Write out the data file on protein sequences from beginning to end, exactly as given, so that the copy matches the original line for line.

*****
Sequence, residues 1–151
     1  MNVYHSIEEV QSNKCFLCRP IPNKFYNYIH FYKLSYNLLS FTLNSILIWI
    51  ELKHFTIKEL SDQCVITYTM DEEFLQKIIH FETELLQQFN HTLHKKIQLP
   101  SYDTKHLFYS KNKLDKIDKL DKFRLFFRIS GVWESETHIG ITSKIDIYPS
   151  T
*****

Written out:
Sequence, residues 1–151
     1  MNVYHSIEEV QSNKCFLCRP IPNKFYNYIH FYKLSYNLLS FTLNSILIWI
    51  ELKHFTIKEL SDQCVITYTM DEEFLQKIIH FETELLQQFN HTLHKKIQLP
   101  SYDTKHLFYS KNKLDKIDKL DKFRLFFRIS GVWESETHIG ITSKIDIYPS
   151  T